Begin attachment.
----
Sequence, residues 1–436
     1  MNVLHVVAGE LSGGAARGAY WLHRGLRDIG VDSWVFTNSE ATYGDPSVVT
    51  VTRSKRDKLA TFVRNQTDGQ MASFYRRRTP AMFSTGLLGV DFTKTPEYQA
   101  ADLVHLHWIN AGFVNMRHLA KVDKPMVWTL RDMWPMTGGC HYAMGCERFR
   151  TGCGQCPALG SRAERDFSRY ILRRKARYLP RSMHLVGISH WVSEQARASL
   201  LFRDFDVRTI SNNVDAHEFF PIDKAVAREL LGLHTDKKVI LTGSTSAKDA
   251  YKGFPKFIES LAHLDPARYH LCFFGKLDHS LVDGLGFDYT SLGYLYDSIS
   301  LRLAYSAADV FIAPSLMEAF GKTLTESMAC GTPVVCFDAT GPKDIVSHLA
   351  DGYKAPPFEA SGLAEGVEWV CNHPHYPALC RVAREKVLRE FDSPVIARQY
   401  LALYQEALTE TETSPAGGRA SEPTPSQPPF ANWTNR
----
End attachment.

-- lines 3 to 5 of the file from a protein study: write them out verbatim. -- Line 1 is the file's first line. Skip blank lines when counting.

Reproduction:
    51  VTRSKRDKLA TFVRNQTDGQ MASFYRRRTP AMFSTGLLGV DFTKTPEYQA
   101  ADLVHLHWIN AGFVNMRHLA KVDKPMVWTL RDMWPMTGGC HYAMGCERFR
   151  TGCGQCPALG SRAERDFSRY ILRRKARYLP RSMHLVGISH WVSEQARASL